The specific industries that were funded, the strategic expansions made, and the relief projects launched were ripples from the initial plunk of the pandemic.
Food delivery services, online payments, loans, virtual concerts, and many other developments were all moves that were made in response to filling gaps that the coronavirus had carved out and exposed.
Looking towards startup developments that came in direct response to the pandemic, Panama announced in early June it would extend access to productive financing in support of micro, small and medium-sized enterprises during the COVID-19 crisis.
The $150 million loan approved by the Inter-American Development Bank (IDB) will go to small businesses operating in the agricultural sector, “as well as other sectors relevant to the country’s economy,” according to the IDB.
With Latin America experiencing a new wave of coronavirus cases, major cities in Colombia are now seeing stricter restrictions on citizen movement with weekly lockdowns aiming to prevent the collapse of healthcare systems. Entrepreneurs including American Jim Glade and Colombian Harold Smith Henao have looked to step up and raise funding to deliver food to hundreds of hungry families in Medellín.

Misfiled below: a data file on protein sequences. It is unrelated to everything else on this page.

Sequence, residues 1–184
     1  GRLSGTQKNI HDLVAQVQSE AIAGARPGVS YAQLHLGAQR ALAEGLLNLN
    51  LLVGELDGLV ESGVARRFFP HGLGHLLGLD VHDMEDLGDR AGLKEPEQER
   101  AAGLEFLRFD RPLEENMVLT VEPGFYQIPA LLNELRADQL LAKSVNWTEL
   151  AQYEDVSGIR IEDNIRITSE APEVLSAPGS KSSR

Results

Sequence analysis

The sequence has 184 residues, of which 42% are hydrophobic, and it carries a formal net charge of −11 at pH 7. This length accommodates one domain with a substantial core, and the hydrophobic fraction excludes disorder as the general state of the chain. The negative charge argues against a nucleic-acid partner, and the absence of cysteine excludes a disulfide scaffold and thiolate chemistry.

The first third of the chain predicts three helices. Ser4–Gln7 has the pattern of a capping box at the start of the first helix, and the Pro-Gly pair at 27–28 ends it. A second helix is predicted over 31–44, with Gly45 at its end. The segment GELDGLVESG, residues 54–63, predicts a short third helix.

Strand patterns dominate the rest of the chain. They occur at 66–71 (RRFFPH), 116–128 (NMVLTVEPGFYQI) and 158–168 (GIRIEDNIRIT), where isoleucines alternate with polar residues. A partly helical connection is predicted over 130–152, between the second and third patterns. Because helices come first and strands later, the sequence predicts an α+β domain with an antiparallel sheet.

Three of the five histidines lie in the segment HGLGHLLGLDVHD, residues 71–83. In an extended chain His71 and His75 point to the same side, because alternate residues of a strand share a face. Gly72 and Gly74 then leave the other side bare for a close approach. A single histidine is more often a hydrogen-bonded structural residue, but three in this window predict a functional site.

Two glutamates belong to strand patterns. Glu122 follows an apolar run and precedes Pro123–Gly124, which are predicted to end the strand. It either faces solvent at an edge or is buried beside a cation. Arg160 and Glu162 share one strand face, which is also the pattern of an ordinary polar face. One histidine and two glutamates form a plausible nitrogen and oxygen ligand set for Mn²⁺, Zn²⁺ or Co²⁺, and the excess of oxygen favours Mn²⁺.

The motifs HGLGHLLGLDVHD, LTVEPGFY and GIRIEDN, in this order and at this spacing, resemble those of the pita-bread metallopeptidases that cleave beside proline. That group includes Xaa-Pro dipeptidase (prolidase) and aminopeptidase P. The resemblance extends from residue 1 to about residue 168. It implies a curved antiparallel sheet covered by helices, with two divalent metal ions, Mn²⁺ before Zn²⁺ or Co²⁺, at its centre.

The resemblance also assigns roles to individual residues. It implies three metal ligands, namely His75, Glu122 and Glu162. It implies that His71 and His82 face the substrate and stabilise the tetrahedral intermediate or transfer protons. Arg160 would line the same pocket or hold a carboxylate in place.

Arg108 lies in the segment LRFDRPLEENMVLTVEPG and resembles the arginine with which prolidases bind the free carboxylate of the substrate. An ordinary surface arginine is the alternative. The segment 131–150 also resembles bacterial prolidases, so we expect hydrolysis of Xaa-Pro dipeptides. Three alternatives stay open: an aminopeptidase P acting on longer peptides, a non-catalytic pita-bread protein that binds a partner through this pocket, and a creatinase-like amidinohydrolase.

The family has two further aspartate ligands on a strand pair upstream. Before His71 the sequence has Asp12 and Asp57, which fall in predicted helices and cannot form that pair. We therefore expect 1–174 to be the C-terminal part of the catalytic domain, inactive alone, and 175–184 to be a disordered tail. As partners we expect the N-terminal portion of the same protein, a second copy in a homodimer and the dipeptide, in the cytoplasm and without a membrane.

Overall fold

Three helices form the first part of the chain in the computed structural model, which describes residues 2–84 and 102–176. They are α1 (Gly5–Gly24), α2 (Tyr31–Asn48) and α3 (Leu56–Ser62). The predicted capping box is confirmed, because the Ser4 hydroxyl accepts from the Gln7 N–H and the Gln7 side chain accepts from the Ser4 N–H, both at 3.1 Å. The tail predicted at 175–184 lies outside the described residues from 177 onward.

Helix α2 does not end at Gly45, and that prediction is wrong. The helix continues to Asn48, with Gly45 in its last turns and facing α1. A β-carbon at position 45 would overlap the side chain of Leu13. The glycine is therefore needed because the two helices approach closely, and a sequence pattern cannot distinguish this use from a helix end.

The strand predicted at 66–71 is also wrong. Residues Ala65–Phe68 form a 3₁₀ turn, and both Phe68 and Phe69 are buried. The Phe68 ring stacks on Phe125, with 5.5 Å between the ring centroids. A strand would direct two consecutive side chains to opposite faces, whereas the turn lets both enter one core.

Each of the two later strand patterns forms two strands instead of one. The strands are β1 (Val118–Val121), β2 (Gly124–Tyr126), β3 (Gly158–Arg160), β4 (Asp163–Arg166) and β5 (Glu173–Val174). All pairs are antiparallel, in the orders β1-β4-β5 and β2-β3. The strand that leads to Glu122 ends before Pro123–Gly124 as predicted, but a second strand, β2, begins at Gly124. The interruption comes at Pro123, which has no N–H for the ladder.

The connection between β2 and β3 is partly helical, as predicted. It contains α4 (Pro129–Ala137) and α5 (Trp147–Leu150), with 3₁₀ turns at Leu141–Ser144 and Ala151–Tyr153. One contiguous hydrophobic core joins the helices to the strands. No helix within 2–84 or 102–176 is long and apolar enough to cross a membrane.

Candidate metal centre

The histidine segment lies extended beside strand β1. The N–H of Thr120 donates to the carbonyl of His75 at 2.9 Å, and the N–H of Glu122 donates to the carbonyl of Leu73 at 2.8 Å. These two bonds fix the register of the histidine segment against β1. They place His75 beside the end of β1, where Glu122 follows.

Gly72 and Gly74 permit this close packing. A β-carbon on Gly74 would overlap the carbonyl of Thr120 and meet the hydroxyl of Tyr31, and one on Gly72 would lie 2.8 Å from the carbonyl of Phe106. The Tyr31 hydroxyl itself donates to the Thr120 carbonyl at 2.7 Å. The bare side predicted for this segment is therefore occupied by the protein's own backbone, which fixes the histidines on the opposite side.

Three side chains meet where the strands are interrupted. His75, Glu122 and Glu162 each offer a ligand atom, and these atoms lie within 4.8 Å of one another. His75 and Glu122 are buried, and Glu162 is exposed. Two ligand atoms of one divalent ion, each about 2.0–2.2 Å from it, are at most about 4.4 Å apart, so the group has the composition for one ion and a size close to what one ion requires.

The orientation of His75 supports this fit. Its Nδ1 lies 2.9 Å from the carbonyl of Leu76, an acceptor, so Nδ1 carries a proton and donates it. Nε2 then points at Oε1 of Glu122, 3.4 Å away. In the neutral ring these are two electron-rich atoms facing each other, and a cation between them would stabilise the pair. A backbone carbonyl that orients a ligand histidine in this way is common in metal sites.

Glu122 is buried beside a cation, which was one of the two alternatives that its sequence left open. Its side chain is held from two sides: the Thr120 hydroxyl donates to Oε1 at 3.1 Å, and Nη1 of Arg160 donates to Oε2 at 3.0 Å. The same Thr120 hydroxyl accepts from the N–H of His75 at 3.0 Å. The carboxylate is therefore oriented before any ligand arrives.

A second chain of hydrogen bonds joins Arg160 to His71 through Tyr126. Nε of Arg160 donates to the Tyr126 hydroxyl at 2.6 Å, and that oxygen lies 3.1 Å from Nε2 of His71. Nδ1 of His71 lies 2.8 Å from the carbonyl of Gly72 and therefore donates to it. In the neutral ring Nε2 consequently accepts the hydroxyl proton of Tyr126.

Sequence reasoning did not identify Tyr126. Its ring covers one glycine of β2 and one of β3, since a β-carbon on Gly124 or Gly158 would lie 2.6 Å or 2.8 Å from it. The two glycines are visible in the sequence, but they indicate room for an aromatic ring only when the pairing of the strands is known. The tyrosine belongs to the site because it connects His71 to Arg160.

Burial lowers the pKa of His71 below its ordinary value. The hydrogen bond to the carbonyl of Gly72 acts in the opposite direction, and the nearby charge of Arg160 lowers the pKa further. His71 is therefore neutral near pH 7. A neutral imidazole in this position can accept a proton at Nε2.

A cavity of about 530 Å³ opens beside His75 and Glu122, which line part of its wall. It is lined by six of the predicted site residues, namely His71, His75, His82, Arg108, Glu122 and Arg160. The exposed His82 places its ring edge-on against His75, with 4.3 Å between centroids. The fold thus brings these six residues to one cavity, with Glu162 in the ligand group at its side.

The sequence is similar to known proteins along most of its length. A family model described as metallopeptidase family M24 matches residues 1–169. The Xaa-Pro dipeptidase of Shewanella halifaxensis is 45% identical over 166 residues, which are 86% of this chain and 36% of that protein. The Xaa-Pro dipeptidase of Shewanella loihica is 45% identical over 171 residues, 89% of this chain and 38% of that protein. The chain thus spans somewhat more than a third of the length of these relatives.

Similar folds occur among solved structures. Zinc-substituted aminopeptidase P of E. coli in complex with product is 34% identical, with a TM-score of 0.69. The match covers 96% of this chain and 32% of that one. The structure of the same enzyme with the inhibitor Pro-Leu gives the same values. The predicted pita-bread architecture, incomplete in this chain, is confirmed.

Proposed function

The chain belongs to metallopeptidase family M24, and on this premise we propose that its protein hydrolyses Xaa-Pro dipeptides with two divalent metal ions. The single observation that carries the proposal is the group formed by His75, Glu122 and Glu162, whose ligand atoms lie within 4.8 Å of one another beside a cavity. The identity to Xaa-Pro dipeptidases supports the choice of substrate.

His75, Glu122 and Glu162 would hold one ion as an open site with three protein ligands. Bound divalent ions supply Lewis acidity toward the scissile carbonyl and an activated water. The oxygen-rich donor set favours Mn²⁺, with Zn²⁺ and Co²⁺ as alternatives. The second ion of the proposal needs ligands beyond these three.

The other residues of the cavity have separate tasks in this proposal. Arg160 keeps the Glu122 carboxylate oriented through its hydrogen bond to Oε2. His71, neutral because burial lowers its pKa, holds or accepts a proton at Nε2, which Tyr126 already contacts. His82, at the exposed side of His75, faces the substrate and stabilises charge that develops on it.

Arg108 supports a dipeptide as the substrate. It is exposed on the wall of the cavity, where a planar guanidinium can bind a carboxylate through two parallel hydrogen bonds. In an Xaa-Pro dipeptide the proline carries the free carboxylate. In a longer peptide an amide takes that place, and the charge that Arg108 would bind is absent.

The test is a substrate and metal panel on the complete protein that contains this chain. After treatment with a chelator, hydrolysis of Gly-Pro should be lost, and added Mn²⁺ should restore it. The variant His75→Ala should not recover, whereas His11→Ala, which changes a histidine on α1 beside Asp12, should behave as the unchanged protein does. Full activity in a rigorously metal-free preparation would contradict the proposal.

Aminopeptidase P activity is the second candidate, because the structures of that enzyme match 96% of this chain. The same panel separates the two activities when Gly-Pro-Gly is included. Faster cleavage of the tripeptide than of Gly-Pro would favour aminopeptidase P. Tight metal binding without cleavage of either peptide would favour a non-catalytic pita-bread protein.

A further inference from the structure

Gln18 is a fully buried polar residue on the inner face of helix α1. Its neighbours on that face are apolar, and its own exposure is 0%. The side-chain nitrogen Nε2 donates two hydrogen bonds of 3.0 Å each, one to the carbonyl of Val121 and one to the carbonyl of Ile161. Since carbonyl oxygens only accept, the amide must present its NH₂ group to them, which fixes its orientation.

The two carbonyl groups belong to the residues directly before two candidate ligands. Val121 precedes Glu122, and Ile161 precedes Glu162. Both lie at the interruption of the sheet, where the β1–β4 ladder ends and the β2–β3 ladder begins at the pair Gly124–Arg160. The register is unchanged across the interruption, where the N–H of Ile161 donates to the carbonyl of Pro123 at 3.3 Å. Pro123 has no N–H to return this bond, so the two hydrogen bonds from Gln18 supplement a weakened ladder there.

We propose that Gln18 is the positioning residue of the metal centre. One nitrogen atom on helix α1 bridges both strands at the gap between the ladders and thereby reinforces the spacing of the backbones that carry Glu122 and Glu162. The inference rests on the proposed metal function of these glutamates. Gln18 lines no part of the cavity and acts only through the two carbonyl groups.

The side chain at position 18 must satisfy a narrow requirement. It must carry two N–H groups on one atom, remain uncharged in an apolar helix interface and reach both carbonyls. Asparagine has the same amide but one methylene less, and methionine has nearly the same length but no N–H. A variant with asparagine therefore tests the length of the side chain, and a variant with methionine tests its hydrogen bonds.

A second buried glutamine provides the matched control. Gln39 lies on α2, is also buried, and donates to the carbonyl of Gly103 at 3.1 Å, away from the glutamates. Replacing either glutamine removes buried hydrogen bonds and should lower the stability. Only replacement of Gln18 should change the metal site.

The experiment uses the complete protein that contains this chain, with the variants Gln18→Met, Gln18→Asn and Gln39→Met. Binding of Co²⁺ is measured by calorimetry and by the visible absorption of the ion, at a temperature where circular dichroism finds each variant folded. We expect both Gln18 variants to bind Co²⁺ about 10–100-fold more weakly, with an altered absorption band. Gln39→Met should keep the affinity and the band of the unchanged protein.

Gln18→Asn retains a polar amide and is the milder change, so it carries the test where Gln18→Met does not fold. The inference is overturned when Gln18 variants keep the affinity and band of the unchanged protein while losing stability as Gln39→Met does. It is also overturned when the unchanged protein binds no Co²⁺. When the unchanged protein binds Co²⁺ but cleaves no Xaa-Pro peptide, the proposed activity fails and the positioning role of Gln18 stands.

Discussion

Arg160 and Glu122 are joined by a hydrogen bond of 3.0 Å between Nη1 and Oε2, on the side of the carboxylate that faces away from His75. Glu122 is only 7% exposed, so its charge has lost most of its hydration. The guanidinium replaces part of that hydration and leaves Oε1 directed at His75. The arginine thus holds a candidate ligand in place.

At the end of June, SoftBank partnered with Rappi to finance COVD-19 relief initiatives in Brazil, Colombia, and Mexico with the launch of non-profit IMPACTO. IMPACTO will focus on financing and delivering medical equipment, testing supplies, and food, with plans to deliver over 20,000 food baskets in the three regions. In Puerto Rico, to better address the coronavirus entrepreneurs Lauren Cascio and Dolmarie Mendez introduced a COVID Map by leveraging laboratory data, while in Mexico marketplace Mi Dulce Hogar saw a downturn in business during the pandemic, but decided in June to expand its home-cleaning services by offering disinfecting services.
As Latin America became the COVID-19 epicenter in June, startup entrepreneurs, VCs, and big name companies all pitched in to do their parts in keeping the innovation economy running while providing the services to meet the ever changing demands of a society under lockdown.
This article was co-authored by Tim Hinchliffe